Posted by: aauntiem | June 9, 2010

Magic, Books, and Lavender Bread

As an undergraduate student in literature I spent a summer doing an independent study on Women’s Contemporary Literature. I had already taken the actual Women in Lit. course with a focus on early American women authors but I wanted to read someone alive in my century, you know for perspective.

I enlisted one of my favorite professors and she compiled a list. The list, that summer, it changed me.

So many summers ago I read for the first time Arundhati  Roy’s The God of Small Things, Nawal El Saadawi’s Woman at Point Zero, Julia Alvarez’s  How the Garcia Girls Lost Their Accents, Toni Morrison’s Paradise, Bobby Ann Mason’s  In Country, Maxine Hong Kingston’s Woman Warrior, Louise Erdrich’s Tracks, Octavia Butler’s Kindred, Jeanette Winterson’s The Power Book, Lillian Smith’s Strange Fruit, and Dorothy Allison’s Bastard Out of Carolina.

One of the things I began to talk about in those one on one discussion sessions with my professor was the insurgence of food within realism and the novel, and the way that women in particular seemed to incorporate food into their writings. I had already studied Florida Literature under a Marjorie Kinnan Rawlings scholar and I knew that food laced its way into the stories women wrote and the stories people tell about those women writers.

Big shock, I know.

But, more than just women and food, these stories seemed to be infused with magic.

I was hooked. I began to see food in literature everywhere. And, this led me toward my focus area of research, led me to graduate studies, led me to such interesting facts about food production and consumption. Food gave me a lens to look at women’s lives.

What I found told the story of women’s lives gathered around kitchen tables and serving dishes in little dinners but it also told the story of America—of how family structures change depending on the types of food (like in the 50s when instant and processed foods became readily available,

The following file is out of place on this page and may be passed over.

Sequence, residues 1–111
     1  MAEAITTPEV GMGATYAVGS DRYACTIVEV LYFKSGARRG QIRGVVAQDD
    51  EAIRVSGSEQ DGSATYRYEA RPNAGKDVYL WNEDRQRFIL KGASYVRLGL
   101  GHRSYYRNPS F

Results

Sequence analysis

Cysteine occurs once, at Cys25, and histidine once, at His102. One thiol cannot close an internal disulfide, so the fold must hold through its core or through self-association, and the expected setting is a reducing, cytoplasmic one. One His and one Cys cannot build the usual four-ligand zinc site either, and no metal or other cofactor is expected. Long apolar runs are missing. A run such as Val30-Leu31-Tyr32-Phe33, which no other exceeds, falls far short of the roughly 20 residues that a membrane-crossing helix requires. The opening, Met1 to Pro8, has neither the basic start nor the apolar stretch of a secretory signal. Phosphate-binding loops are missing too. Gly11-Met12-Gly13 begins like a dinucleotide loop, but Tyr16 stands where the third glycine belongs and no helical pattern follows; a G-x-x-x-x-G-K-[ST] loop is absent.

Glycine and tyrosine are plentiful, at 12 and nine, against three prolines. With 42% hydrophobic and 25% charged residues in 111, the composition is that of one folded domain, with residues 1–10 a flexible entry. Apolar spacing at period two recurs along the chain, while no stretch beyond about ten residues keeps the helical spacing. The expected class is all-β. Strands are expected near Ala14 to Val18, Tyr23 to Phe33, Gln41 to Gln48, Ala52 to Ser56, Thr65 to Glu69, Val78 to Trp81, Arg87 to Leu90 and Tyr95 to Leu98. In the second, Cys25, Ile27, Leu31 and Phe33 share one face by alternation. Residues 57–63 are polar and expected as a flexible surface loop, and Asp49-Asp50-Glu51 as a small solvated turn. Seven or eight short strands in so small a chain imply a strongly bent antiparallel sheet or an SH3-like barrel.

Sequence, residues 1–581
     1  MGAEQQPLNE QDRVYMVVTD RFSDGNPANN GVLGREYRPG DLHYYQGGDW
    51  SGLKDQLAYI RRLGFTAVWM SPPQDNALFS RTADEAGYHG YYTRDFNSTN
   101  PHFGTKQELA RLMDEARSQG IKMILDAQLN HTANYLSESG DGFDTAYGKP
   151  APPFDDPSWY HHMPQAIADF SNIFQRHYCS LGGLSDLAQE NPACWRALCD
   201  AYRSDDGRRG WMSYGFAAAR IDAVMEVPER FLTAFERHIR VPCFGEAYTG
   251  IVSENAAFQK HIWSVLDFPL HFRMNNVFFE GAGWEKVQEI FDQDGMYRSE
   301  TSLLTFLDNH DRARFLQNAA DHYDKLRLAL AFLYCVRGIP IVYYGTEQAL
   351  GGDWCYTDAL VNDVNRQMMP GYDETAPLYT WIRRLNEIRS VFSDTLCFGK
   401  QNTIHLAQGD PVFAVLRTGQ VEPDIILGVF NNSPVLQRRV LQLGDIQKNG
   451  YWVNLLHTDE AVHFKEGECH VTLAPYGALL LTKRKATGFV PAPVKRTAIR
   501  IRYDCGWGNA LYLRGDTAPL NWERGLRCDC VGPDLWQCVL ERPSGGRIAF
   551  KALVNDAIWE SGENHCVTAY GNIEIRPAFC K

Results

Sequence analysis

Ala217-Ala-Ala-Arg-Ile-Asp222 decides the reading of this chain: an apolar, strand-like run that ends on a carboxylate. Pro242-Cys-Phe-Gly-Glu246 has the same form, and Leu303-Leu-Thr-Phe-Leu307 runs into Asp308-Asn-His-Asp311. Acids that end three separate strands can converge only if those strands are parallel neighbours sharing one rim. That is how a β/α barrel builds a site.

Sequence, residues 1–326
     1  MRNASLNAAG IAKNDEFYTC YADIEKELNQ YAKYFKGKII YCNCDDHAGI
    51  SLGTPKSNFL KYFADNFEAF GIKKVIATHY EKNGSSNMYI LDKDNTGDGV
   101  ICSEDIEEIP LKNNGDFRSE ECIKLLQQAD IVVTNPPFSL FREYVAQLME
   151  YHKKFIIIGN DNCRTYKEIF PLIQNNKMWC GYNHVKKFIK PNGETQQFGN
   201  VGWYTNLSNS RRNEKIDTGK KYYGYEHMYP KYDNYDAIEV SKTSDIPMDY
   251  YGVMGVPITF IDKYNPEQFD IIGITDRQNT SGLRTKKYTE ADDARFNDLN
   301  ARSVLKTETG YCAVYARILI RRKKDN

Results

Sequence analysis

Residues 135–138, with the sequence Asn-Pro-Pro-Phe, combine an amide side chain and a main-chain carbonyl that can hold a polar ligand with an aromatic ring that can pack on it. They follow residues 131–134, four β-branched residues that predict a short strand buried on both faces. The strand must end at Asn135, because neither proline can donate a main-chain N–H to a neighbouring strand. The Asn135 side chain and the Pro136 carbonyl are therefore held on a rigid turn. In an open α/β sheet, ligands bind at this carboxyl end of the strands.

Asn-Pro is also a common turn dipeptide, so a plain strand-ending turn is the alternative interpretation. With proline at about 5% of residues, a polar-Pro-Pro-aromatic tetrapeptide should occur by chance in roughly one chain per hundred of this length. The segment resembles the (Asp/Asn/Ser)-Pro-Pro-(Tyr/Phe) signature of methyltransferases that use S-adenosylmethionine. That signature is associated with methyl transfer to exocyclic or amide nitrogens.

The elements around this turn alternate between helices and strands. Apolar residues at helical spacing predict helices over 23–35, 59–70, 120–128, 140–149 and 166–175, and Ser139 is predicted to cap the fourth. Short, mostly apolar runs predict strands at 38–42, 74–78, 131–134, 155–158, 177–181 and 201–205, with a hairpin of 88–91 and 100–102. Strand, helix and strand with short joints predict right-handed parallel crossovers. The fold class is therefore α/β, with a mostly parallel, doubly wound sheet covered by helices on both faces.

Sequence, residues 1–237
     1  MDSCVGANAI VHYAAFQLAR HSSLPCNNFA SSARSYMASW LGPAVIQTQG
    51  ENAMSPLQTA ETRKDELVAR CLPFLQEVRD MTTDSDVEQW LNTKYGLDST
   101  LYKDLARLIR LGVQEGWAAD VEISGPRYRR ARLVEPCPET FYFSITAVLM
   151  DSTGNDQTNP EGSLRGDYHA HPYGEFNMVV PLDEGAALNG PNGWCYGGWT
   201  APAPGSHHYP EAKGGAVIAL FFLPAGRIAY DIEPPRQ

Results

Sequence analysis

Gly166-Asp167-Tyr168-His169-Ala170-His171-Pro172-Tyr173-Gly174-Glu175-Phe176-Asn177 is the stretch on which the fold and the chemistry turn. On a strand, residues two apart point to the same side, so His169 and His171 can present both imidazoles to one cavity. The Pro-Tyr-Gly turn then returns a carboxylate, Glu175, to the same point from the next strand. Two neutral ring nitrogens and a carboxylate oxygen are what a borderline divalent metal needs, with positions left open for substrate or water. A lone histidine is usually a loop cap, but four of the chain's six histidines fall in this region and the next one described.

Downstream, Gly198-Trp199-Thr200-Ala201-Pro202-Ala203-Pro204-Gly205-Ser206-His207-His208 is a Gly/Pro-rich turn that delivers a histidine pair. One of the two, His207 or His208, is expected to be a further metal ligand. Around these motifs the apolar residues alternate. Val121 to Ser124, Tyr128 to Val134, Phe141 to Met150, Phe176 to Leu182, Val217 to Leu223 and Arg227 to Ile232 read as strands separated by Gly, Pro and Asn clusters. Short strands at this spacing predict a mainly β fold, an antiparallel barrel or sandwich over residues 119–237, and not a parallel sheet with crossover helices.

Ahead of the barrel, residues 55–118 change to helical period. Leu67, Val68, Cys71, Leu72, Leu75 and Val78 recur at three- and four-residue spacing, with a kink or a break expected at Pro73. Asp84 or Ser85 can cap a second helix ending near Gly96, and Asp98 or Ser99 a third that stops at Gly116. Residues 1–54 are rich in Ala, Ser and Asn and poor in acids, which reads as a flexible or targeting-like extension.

which caused a shift in work production and child rearing) or how we celebrate and mourn (in the south, for instance, fried chicken is a traditional food presented at a funeral), or how each region lives and creates rituals based on the land and its food.

Food and magic.

Something about the tradition, the smell of baking in the kitchen, the look of a table dressed for a party.

Magic in the food.

I have spoken of Sarah Addison Allen in several of my posts but I don’t think I ever actually explained. Sarah Addison Allen writes into words the magic of food. The food becomes a character in her stories and her characters are honest, often messy, and usually infused with the magic of the everyday.

Her stories are enchanting.

On Monday I read The Girl Who Chased the Moon and in her third book she has done it again. One of the characters in the novel has a sweet sense, a magical ability to physically see and follow the smell of flour, sugar, and spice—of baking. The way that this fact is infused into the story, the way it pulls characters together and causes action in the plot is amazing.

What did I do after reading the book, you ask?

Innocently, I went on to Allen’s website to see if I could find out if she was writing something else, if she wrote under another name, if she was my sister switched at birth.